detractors. It's a highly accomplished piece of work, both stylistically
and technically, an art film with elements of horror whose eroticism
is provocative without ever being vulgar. Sight and sound are
an integral team here — composers Manfred Mann and Mike Hugg
perfectly capture the spirit and tone of Franco's erotic dream.
Even though it wasn't, like Leone's Once
Upon a Time in the West the film's imagery and music work
so perfectly together that one would think the score was composed
beforehand and the visuals shot specifically to accompany it.
I'm not really a jazz fan but I really dug the music; the instrumental
lounge and mood pieces are superb, too, with the genuinely eerie
'impending death theme' being a highlight. (Only one of the
film's songs hits a sour note — a kitschy pop number with bad
lyrics sung by McNair as she writhes on a club's dance floor.
Hope they mopped first!) Some of the dialog carries a strong
whiff of soap opera melodramatics (McNair, as the flesh-and-blood
woman trying to save Jimmy from his dream lover, is saddled
with the majority of such lines) while Darren's voice-over narration
of the story in dated '60s jazz scene lingo
may cause some to snicker, but Franco's masterful visuals
reduce these factors to mere trifles. Even the seemingly
odd casting choices work. The clean-cut Darren (TV's The
Time Tunnel) is surprisingly good as the brooding, obsessed
musician (it's helpful in the jam session scenes that he was
a trumpet player in real life); McNair, known primarily for
her singing, invests her role with passion and conviction.
of the small ensemble is populated by actors who worked with
Franco on numerous occasions.
With her icy, doll-like features, Maria Rohm (The
Bloody Judge, The Blood of
Fu Manchu) cuts an arresting, iconic figure as the mysterious
femme fatale in whose erotic web these characters become
entangled. It may seem a bit of a stretch
to cast the blond, Teutonic-looking Kinski as a Turkish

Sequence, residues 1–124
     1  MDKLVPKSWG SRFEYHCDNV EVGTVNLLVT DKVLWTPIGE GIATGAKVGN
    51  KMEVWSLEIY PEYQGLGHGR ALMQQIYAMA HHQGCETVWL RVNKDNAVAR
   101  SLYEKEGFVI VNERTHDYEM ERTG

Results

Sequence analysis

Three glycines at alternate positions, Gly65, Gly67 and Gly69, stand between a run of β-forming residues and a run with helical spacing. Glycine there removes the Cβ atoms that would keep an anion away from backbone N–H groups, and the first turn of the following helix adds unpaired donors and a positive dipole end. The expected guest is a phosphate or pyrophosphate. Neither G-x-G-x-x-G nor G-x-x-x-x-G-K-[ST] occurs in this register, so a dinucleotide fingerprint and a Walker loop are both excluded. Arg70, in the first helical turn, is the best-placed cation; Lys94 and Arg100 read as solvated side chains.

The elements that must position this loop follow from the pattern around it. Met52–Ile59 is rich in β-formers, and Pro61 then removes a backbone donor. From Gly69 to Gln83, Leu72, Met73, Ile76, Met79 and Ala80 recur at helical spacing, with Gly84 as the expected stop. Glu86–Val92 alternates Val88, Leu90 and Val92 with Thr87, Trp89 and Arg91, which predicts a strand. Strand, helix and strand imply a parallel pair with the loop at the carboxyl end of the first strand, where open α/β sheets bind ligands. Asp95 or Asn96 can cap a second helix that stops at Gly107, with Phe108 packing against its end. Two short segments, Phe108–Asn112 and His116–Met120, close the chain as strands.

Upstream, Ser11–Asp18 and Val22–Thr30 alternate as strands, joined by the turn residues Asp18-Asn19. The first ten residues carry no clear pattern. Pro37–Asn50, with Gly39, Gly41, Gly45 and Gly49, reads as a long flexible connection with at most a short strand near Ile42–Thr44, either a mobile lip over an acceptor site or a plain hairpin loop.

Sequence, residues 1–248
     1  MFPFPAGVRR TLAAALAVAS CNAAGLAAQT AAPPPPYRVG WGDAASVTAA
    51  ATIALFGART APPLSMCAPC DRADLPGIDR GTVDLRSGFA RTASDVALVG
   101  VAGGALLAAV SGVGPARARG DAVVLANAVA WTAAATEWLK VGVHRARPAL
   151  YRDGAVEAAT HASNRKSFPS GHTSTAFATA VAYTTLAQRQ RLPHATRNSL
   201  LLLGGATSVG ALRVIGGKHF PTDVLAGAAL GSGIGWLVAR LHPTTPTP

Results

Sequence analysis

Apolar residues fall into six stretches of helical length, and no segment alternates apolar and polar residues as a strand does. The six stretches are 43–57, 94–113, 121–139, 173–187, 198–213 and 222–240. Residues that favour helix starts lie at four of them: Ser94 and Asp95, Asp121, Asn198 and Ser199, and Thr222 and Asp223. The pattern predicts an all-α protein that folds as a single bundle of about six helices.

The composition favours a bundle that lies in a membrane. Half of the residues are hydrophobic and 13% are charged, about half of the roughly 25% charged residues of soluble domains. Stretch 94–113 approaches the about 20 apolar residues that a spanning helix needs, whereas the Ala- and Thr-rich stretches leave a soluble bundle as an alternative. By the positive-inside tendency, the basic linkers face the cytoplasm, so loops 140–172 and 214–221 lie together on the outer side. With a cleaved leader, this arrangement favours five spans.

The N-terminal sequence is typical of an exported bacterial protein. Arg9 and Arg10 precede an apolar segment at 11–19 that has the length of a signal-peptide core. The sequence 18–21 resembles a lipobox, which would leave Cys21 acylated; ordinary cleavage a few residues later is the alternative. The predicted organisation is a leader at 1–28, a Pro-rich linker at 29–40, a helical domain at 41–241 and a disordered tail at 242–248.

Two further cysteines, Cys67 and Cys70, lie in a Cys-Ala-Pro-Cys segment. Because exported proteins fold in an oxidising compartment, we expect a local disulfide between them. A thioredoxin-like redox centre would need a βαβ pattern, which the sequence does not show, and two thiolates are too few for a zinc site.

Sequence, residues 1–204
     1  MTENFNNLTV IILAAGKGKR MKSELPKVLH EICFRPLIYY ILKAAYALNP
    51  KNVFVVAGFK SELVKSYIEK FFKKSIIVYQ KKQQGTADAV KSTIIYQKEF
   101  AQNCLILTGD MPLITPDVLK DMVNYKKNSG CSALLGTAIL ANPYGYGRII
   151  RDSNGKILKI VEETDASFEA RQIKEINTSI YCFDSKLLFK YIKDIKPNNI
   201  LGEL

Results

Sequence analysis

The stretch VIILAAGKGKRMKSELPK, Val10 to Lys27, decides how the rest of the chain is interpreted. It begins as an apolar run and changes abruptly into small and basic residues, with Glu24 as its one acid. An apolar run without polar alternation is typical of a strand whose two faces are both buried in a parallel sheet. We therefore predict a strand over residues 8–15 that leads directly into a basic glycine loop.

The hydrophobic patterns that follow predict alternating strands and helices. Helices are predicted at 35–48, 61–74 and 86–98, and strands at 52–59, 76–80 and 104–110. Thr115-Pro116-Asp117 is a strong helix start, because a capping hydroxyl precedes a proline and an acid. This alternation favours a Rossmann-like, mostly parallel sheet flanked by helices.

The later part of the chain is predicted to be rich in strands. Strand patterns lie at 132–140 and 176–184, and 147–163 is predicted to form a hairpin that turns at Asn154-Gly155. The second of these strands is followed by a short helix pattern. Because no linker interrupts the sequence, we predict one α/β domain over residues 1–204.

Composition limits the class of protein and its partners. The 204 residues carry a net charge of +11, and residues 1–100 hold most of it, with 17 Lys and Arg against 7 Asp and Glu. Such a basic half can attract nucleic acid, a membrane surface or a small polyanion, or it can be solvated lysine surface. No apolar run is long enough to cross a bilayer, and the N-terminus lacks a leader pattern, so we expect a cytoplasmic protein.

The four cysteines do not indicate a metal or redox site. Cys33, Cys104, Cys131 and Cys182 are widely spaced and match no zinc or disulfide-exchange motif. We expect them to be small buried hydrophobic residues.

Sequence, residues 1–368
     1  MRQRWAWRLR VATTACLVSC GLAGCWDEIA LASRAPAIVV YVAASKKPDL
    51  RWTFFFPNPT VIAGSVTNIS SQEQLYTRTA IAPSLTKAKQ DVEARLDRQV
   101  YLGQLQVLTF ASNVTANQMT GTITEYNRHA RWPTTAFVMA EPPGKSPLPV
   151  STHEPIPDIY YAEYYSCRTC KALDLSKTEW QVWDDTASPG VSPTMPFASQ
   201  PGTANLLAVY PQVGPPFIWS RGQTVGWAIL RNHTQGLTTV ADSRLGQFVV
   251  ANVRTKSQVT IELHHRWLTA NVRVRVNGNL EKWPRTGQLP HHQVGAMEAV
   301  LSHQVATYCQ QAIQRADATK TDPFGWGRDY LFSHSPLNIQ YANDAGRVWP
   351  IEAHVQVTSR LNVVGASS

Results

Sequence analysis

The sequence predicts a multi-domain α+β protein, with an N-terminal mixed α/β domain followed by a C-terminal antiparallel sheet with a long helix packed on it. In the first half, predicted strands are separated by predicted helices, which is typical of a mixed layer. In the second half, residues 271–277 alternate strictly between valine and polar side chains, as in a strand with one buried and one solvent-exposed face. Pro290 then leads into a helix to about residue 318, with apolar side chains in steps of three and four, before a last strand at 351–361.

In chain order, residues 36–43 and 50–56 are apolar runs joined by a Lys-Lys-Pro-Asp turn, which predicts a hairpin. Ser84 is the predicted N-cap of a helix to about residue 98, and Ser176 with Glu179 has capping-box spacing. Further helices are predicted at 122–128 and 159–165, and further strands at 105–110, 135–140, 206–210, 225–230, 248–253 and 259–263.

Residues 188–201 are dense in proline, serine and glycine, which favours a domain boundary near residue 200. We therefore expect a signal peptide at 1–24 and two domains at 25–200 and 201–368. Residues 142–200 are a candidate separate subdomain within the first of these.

playboy, but his strong screen presence and piercing eyes make
him the perfect choice for Wanda's most sinister tormentor.
Even Paul Müller (Nightmares
Come at Night, She Killed
in Ecstasy) makes a brief appearance as Jimmy's wealthy,
perpetually drunk employer, while the director himself cameos
as a musician in a couple of scenes, accompanying Darren on
trombone and piano.
an essential title in Franco's oeuvre, and one that may
well appeal to those who typically find his films too grungy
or transgressive for their tastes.
by in tandem with Franco's 99 Women
(also 1969), Blue Underground's new edition of Venus
in Furs represents a must-buy for fans of the director's
work. They won't be disappointed. The film is presented in its
original 1:85.1 AR, 16x9 enhanced. Apart from some noticeable
grain and moments of rougher film stock, mostly during the opening
beach scene (just prior to and during the discovery of Wanda's
body), the print looks terrific, boasting vibrant colors and velvety
blacks. Given the grooviness of the score it would've been nice
to have it in stereo, although the digital mono track provided
is crisp and clear and in no way disserves the music and dialog.
addition to an image gallery, the U.S. theatrical trailer and
a Franco bio/film essay by Video Watchdog editor Tim Lucas
(the latter accessible via DVD-ROM), the disc features two great
interviews: one with "Venus" herself, Maria Rohm, the
other with Jess Franco. The Rohm interview (11 minutes) is an
audio-only affair illustrated with numerous production stills.
In it, the now reclusive actress talks rather whimsically and
candidly about working with Franco and a number of her co-stars
in various films, among them George Sanders, Christopher Lee,
Rosalba Neri, and —
baring the brunt of her more stinging comments —
Klaus Kinski. The on-camera Franco interview is contained in a
20-minute featurette entitled Jesus in Furs. Speaking in
subtitled French, the chain-smoking septuagenarian discusses why
his original concept of the film had to be changed to appease
American distributors (he originally planned for the Jimmy character
to be African-American) and how the title (initially Black
Angel) and fur coat motif were likewise forced on the picture;
he also gives his thoughts on the individual cast members and
declares his disapproval of some minor aspects of the film's editing.